Smart Horse Showing: Haul Your Horse Safely
Help your show horse acclimate to different climates.
March 18, 2014
From The American Quarter Horse Journal
One often-overlooked aspect of hauling performance horses to shows or other events is adjustment to changes in climate and altitude. Some changes don’t affect a horse severely, but others can zap him physically, change him mentally and cause poor performance.
Christian Rammerstorfer of Oroville, California, is a reining trainer who has a Ph.D. in equine nutrition and exercise physiology. He has hauled horses to several states where temperatures, humidity and altitude were extremely different from what the horses were used to at home.
Adjusting Your Horse From Hot to Cold Temperatures
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Much of the adjustment a horse has to make in this type of change is mental. Christian offers these three tips to consider:
- Leave time for a more thorough warm-up routine. Simply put, the change to a cold climate gives horses an extra energy boost that has to be diverted somehow. You need to think about working the excess energy out of your horse, but you also have to be sure not to tire your horse too much to perform. When a hot-weather horse is not used to the cold, Christian says, “He will be real frisky and might have a hump in his back, even after loping for 15 minutes or more. He’ll still feel like he wants to buck you off, because he feels so good.”
- Don’t worry about your horse’s muscles tightening or getting sore from the cold. A 30-year-old Swedish study looked at horses that were used to warm environments and then were exercised in three different types of weather: warm, cool and sub-zero. Heart and respiration rates and body temperature were measured. “The horses at sub-zero had the least amount of stress during hard exercise,” Christian says. “They had energy available. They didn’t have to cool themselves, because the cold air took care of it for them.” The bottom line is that a horse hauled from hot weather to cold doesn’t need an adjustment period before he can perform.
- However, your horse may need special attention to his comfort zone in a stall. “You don’t want to see him stand in a cold stall and begin to shake,” Christian says. He recommends putting at least a sheet on the horse when the temperature drops below 50 F. Once it falls below 35 or 40, he suggests using a heavy blanket.
Adjusting Your Horse From Cold to Hot Temperatures
In this situation, Christian says, the horse has many aspects to physically adapt and adjust to in order to deal with the heat.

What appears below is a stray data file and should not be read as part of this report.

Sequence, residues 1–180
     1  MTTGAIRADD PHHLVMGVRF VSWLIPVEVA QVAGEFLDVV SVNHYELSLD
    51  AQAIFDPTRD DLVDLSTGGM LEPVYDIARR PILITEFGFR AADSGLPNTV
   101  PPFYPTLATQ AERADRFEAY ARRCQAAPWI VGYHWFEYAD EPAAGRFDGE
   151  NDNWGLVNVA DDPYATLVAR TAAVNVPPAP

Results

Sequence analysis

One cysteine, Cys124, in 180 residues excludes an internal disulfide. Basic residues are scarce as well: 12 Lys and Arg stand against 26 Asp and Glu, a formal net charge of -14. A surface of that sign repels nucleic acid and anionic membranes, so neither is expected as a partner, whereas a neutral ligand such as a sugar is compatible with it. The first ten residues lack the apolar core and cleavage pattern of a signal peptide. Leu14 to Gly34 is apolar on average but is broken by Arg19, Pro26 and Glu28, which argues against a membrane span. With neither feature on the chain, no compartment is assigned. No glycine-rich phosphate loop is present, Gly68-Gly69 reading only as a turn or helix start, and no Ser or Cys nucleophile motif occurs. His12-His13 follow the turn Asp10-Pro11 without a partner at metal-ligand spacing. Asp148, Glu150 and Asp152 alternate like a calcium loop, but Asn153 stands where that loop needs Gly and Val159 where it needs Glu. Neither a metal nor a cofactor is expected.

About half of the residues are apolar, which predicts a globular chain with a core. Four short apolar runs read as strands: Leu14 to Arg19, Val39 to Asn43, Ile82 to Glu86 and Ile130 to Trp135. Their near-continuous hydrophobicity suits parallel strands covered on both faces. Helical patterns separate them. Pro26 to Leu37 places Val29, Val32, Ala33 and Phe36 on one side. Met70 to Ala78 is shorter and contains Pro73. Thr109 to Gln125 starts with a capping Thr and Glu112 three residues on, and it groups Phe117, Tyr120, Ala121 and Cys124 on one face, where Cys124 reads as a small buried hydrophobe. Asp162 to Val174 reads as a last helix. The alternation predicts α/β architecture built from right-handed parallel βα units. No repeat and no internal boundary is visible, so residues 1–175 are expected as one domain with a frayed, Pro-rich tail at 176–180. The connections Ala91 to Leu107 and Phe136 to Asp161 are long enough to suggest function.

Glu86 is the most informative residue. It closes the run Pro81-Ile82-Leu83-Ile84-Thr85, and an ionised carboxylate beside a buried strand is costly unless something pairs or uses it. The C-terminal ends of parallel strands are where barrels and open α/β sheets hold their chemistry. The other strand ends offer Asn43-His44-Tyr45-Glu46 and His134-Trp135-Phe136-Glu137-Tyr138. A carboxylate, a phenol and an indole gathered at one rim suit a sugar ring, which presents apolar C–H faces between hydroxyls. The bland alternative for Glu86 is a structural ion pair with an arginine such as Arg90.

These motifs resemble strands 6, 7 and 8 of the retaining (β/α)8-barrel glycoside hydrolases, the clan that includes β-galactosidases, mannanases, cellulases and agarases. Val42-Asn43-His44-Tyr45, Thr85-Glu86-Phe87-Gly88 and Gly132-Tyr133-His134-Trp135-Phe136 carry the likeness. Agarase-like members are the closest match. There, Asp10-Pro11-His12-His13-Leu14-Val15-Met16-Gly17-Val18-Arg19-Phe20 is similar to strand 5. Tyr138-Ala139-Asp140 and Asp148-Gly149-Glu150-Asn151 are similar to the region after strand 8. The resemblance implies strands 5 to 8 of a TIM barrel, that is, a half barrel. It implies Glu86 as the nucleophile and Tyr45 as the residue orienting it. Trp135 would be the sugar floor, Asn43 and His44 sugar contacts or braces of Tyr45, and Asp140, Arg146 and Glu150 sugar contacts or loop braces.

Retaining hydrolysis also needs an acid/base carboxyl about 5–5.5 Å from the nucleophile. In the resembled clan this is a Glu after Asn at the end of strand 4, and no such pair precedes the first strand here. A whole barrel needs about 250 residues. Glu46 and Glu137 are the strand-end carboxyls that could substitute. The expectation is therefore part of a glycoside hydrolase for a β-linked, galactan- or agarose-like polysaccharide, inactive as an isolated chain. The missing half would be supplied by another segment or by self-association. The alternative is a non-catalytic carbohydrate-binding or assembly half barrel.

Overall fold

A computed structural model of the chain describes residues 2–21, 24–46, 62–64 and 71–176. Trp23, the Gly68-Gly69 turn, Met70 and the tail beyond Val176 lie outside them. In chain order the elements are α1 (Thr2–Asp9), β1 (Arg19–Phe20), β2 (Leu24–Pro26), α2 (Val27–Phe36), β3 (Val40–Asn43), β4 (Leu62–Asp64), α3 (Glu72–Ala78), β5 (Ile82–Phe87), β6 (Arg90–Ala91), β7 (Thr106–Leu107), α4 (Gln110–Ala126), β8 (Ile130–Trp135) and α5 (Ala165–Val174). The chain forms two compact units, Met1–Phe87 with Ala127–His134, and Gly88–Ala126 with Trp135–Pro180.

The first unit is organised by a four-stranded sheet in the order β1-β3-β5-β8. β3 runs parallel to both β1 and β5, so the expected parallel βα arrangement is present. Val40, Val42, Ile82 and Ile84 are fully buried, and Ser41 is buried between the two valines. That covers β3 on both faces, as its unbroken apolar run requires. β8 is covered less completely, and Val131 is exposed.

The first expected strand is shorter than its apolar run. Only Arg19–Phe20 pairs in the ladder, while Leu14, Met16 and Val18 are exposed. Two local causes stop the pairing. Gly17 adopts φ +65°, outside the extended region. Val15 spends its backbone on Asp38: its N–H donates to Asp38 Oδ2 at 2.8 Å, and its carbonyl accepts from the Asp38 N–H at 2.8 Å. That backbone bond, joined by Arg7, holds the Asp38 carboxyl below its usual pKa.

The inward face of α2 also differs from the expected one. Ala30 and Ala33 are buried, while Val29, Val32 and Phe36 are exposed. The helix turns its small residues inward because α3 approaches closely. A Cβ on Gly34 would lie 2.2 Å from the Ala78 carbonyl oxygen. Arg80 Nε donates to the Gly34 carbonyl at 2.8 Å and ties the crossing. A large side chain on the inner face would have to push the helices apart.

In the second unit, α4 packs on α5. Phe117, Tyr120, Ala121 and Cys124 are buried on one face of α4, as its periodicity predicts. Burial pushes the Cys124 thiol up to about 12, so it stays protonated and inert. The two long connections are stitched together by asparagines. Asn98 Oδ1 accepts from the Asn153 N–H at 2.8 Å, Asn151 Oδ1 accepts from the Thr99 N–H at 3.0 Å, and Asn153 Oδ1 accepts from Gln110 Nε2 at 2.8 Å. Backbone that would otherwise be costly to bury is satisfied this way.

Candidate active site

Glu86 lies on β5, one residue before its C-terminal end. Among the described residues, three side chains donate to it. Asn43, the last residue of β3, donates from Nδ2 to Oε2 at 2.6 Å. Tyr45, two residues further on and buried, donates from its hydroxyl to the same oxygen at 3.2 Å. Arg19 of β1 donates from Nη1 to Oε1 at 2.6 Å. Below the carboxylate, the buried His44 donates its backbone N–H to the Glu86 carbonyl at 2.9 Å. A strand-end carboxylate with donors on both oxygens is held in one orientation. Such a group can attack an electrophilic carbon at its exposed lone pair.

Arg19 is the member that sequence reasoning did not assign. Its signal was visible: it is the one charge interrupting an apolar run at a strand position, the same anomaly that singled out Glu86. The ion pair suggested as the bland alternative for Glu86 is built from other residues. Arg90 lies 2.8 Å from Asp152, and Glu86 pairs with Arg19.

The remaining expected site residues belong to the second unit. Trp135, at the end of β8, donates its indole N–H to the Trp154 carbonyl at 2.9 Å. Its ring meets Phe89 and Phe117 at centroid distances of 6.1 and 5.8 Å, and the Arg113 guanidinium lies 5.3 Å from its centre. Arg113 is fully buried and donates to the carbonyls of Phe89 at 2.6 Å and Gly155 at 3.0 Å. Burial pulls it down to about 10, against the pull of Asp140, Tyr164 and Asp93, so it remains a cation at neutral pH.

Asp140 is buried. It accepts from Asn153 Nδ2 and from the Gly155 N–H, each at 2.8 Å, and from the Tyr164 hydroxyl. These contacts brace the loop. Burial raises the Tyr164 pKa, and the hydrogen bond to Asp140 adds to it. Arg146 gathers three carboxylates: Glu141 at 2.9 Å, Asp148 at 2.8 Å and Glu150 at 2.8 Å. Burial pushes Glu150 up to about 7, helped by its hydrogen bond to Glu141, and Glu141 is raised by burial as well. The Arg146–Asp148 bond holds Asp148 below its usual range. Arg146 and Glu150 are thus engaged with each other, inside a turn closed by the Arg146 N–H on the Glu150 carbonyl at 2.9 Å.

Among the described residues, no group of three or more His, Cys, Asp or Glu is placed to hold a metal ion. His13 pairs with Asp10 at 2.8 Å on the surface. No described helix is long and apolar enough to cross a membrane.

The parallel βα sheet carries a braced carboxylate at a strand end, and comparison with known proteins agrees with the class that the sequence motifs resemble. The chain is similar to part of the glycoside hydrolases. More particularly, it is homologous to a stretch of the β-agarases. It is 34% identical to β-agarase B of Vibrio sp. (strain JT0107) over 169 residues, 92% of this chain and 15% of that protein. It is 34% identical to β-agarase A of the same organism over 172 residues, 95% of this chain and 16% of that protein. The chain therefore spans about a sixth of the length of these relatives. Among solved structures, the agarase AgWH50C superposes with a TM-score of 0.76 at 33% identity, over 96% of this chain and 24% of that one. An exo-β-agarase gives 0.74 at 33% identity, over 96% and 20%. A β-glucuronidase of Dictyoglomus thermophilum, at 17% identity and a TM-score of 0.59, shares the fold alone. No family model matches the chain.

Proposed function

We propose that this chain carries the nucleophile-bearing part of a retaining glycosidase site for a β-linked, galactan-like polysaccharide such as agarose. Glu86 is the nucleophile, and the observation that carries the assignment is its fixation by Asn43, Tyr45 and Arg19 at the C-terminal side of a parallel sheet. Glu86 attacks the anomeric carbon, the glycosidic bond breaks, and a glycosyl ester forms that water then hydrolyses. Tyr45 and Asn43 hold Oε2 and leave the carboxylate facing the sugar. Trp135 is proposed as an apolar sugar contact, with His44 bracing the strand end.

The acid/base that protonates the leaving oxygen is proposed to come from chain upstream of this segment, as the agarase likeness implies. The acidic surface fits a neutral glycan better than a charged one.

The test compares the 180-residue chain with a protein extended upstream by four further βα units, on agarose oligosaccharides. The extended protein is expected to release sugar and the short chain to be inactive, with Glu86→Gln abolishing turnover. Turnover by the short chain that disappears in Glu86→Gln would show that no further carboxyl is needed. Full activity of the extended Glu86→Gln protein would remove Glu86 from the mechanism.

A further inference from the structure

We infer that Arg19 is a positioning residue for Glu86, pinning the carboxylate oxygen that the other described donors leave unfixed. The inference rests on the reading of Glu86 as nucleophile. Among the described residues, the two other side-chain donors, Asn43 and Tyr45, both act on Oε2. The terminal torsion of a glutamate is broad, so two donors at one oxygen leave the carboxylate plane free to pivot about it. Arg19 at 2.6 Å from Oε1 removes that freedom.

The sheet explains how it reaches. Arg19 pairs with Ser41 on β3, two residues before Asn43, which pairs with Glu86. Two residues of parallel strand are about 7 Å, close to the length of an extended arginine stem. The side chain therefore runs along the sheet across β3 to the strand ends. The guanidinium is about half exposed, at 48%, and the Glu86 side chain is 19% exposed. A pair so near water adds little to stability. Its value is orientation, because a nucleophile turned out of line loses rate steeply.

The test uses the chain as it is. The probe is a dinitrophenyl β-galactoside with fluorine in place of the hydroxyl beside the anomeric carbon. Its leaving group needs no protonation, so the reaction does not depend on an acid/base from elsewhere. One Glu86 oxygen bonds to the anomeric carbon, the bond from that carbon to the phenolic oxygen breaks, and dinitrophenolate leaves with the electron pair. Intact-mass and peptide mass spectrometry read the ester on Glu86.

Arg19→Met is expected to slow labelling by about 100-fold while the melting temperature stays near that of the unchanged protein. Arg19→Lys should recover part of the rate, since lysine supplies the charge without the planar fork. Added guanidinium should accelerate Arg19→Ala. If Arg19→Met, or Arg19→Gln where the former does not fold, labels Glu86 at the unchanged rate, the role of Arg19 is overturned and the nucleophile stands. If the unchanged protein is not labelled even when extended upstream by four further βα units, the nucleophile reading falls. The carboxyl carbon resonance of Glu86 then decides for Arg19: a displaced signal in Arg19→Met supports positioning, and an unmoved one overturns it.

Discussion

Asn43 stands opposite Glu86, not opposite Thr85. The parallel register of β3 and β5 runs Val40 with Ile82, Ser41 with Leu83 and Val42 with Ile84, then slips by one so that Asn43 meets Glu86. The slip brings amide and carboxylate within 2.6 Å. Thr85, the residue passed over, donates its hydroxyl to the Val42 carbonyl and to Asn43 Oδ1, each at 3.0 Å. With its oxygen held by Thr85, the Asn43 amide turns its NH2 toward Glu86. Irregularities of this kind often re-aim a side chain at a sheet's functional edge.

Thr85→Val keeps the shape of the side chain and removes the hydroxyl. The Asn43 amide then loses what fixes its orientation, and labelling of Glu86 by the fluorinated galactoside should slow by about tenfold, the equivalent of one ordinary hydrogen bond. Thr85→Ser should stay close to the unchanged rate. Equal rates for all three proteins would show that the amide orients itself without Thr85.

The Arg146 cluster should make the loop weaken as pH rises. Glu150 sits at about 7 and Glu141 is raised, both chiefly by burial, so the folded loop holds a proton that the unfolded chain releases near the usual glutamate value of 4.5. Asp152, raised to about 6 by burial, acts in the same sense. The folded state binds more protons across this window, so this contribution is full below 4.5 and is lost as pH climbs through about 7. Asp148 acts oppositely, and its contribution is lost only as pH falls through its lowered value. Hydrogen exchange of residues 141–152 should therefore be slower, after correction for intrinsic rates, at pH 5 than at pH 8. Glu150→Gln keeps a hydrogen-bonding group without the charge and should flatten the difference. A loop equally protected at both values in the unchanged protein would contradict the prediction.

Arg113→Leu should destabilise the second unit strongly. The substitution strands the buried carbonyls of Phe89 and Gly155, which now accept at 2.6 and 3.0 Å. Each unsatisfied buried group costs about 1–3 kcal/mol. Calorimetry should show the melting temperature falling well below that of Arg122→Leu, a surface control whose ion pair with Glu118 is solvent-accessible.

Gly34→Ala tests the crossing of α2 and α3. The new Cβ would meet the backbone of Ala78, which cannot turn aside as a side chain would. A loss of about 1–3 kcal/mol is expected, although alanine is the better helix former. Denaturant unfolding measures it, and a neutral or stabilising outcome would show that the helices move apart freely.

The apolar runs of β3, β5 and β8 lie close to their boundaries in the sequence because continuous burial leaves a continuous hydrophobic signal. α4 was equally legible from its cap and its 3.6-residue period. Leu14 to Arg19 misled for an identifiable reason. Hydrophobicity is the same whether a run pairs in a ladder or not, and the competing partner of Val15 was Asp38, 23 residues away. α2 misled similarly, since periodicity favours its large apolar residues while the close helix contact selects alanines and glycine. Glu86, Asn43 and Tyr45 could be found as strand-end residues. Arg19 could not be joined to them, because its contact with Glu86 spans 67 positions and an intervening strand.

A horse’s system is extremely well designed to maintain body heat within acceptable limits even during hard exercise and hot conditions.
“But all the systems that are in place to deal with this have to adjust themselves,” he says. “That includes heart rate, respiration and peripheral circulation.”
Heat is produced in the body core, meaning the muscles and insides of the horse. It needs to be quickly diverted to the outside, away from the body, so the horse can cool down.
Christian says the following should be considered when hauling your horse from cold to hot temperatures:
- Give your horse time to adjust to the hotter climate. When a horse is taken from moderate temperature, between 60 and 72 F, it takes a horse about seven days to adjust to a temperature that is 10 degrees hotter.Then, it takes roughly another seven days for each additional 10-degree increase. I’m talking about full adjustment. If you’ve taken a horse from 65 to 95 F, you need to give it roughly three weeks to adjust. If a horse does not have adjustment time, he’s not going to perform as well. And, if temperatures are high, you risk your horse developing heat exhaustion, or even worse, heat stroke.
- Your horse’s sweat can help you determine how he is adjusting to the hot weather. “When a horse is in good shape and is adjusted to heat, his sweat will be watery. But one that is not conditioned or has not acclimated will have foamy sweat, due to a higher saline and electrolyte content.
- Don’t overuse electrolytes. When a horse sweats, some horse owners want to start pouring packaged electrolytes into every bucket of water. Christian says that the use of electrolytes can be overdone – the horse might not want to drink his water because of the strong taste. Christian says that a horse ridden once a day for a couple hours at an event where it’s hot and humid won’t need electrolytes after being hosed off and put in his stall with a fan to relax. “But if a horse is on a long-term endurance ride, or even a cross-country trail ride, and he sweats for hours on end, he might need some extra electrolytes,” Christian says.
- Provide a salt block. Horses crave salt and seem to know how much they should lick from the block. If they are low on electrolytes, however, they won’t develop a craving for salt.
- Adjust your horse’s feed. “The hotter it is, the more fat you want to add to the horse’s ration,” Christian says. Additionally, you’ll want to adjust your horse’s hay intake. “You should reduce a horse’s hay intake to about 1.2 percent of its body weight, because the hay fermentation produces a lot of heat,” Christian says.
“If your horse wants to stop and smell the trailer or look inside, encourage this behavior and recognize it as a sign that he’s trying,” Bill Van Norman said in AQHA’s FREE Horse Trailer Loading Tips report. For more tips like these, download the report today!
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